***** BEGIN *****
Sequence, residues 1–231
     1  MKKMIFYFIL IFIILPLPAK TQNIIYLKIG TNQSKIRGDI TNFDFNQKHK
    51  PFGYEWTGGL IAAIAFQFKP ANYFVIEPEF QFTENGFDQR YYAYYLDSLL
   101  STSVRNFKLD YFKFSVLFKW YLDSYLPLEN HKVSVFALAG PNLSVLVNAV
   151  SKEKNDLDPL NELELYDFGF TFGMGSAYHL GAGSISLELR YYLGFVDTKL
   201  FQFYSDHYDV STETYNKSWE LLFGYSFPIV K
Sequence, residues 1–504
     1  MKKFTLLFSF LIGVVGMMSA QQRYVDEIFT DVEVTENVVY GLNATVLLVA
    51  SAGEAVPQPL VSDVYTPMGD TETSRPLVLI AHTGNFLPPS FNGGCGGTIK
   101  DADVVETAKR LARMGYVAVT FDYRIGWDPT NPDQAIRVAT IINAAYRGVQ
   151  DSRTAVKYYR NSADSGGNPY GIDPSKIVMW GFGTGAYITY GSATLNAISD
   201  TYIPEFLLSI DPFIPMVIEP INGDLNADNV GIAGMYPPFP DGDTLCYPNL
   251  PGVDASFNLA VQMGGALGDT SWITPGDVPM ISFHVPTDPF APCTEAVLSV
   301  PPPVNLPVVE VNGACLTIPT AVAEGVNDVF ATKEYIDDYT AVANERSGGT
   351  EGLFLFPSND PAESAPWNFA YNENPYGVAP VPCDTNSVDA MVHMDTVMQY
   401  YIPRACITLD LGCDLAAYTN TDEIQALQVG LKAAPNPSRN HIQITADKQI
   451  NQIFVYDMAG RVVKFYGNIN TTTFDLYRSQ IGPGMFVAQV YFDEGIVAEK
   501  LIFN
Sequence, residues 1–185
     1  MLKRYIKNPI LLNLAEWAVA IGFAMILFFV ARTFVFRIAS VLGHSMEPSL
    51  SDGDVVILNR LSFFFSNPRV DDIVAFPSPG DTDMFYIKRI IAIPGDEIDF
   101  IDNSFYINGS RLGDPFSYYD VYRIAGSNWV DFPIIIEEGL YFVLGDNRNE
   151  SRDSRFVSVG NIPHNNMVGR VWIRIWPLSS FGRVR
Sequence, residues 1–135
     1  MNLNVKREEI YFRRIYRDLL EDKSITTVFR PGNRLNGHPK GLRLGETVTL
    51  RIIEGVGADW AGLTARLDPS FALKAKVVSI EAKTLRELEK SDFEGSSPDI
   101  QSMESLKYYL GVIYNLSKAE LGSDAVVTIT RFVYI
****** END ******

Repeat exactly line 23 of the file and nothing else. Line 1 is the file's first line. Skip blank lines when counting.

   151  SRDSRFVSVG NIPHNNMVGR VWIRIWPLSS FGRVR